By Eric Warmoth
Lately, straws have dominated the national conversation surrounding plastic pollution in the media. While many people absentmindedly place them in their sodas, coffee, and smoothies without a second thought, they pose a grave danger to marine life and are among the top ten items found in beach cleanups every year.
Across the world, cities, states, countries, and businesses are considering different types of legislation or actions in hopes of reducing or eliminating plastic straw and other single-use plastic consumption.
Major companies like Marriott hotels, Disney, and Starbucks have agreed to phase out plastic straws in their businesses, while California looks to adopt an “on request only” policy. England hopes to implement limiting straws and plastic stirrers across the whole United Kingdom in the future, while Malibu, California and Seattle, Washington have fully implemented plastic straw bans.
Individuals and powerful organizations worldwide have begun realizing the simplicity and ease of eliminating plastic straws and taken action. Lonely Whale, described as an “ideas incubator” by Director of Strategic Partnerships Emma Riley, took ownership of this movement on social media as part of its overall goal to create a healthy, plastic-free ocean. Riley explained that she hopes to utilize entertainment media and a coalition of influential people to change the current conversation and set the stage for future action.
They were the organizers behind the first-of-its-kind citywide campaign called “Strawless in Seattle” that led to the city’s ban, and have been strong supporters of similar legislation in San Francisco and New York City, establishing heavy presences in both cities to support rallies and give supporters a voice.
But while major businesses and cities are pledging against plastic straws, how do we reach our local towns and restaurants?
GreenTown Los Altos’ “Skip the Straw” campaign has aimed at doing just that. Various members of GreenTown’s committee have teamed up to talk with restaurant managers throughout Los Altos.
To date, we have connected with 11 businesses to discuss their current policies and query them about their support for decreasing plastic straw use. Several businesses, such as Bumble, Morsey’s Farmhouse, Pompeii Ristorante, The Post, and The Sweet Shop, already offer straws on request or paper straws for certain applications (e.g., water glasses).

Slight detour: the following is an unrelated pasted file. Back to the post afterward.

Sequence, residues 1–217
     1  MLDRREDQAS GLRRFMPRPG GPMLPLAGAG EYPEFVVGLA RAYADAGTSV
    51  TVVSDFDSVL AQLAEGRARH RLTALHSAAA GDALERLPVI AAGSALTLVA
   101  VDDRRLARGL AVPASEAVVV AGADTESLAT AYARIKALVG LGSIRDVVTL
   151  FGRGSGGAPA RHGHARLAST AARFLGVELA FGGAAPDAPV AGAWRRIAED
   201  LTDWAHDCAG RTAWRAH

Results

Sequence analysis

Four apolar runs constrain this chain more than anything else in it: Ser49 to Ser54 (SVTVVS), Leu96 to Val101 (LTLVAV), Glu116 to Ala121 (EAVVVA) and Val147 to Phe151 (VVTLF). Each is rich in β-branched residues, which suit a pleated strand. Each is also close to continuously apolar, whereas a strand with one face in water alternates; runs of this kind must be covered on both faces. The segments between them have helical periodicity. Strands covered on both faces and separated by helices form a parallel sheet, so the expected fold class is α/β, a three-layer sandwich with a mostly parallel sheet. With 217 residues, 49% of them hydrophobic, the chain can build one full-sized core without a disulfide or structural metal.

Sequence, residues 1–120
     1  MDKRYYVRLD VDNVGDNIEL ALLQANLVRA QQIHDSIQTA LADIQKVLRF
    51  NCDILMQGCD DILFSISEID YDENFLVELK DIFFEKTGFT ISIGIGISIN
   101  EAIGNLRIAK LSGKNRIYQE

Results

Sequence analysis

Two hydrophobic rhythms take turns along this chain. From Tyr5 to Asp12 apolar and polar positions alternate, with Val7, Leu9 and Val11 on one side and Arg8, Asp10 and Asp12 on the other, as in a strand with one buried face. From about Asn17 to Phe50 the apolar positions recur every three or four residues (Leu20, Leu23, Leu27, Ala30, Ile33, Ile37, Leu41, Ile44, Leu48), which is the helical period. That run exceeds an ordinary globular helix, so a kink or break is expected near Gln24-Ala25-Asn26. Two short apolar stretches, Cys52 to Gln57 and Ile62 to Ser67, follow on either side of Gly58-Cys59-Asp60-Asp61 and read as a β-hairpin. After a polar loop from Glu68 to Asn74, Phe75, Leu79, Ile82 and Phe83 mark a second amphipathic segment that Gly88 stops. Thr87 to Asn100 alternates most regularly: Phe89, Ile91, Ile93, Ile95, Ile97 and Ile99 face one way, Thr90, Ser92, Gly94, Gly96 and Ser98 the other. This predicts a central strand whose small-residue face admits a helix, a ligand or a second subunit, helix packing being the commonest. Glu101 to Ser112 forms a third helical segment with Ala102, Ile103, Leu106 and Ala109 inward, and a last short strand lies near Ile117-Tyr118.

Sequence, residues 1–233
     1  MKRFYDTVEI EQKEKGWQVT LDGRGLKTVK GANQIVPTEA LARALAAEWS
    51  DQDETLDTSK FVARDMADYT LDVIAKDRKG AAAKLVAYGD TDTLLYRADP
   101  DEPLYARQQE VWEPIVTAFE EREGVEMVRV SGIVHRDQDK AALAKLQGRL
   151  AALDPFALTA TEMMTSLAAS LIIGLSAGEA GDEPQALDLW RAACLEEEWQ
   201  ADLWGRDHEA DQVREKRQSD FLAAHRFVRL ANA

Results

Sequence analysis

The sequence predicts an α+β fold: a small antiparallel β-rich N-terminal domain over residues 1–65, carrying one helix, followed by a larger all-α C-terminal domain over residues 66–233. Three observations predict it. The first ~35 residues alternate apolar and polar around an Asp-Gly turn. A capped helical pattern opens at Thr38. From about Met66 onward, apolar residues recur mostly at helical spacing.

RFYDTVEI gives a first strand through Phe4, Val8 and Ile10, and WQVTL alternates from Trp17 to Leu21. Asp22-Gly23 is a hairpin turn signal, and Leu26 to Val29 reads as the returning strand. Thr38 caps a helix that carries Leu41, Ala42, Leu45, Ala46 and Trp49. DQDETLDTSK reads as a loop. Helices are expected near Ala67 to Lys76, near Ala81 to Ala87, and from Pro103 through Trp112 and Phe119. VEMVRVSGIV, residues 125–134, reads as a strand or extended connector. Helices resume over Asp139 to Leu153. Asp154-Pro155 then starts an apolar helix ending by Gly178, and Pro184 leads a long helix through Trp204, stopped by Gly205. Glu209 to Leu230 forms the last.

But many others feel that a switch to an “on request only” straws policy will be viewed as a decrease in their level of customer service. Other concerns include price: paper straws do cost more money than their plastic counterparts; and longevity: some restaurant managers were concerned that paper straws get soggy too quickly. GreenTown addressed the latter concern through research into straws that are long-lasting, which we share with the businesses we visit. Among the best products, Aardvark Straws has several excellent options that are long-lasting and come in form factors that businesses desire.
But how can we address business concerns about service and price? It’s up to consumers. If we can’t change the supply, then we have to change the demand. If every person who agrees with the goals of our Skip the Straw campaign–reducing plastic pollution–could talk to a waiter or waitress at just one restaurant, we would begin to see a difference. Restaurant owners are very responsive to their customers. If customers demand no straw or paper alternatives to plastic straws, change is possible.
Concerned that age will prevent you from being able to have these conversations with restaurants and business owners? Will business owners listen to kids who aren’t their main paying customers? Here are some examples of kids who have helped orchestrate major impacts and real change:
17-year-old Shelby O’Neil is the girl who made it her mission to get Alaskan Airlines to ban plastic straws and stirrers. Through her creation of the company Junior Ocean Guardians, she helped them to move towards a solution. The airline agreed to switch to eco-friendly straws and wooden stirring sticks by the end of 2018, starting a trend that spread to American Airlines and has the potential to convert other major airlines to the same environmental cause.
9-year-old Molly Steer in Australia started the Straw No More Project, convincing 16 schools across Queensland, starting with her own, to join her campaign and pledge to stop using plastic straws. She also had the chance to give a TEDx talk at James Cook University, which has amassed over 42 thousand views, spreading the no straw message far and wide.
As consumers of any age, we have the power to change the course of our environment for future generations. Please join GreenTown and Skip the Straw! Email us for more info or if you’d like to get involved in our local movement.
2 Responses to “YOU Can Help Reduce Plastic Pollution: One Straw at a Time!”
Whole Foods Market sells compostable straws.
Thanks JC! Compostable paper or plastic? Compostable paper straws are great! But because compostable plastics do not work well in our local waste management system (most require 120-150 days to decompose as opposed to the 65 days that organics are typically composted locally), we do not advocate compostable plastics. Often even if they are sent to the composting facility, they end up in the landfill.
Instead we recommend reusable straws, such as glass, silicone or metal, or paper straws. Reusable straws are available locally at Whole Foods, for example, and paper straws are available at Diddam’s and elsewhere. Lots of options are also available online.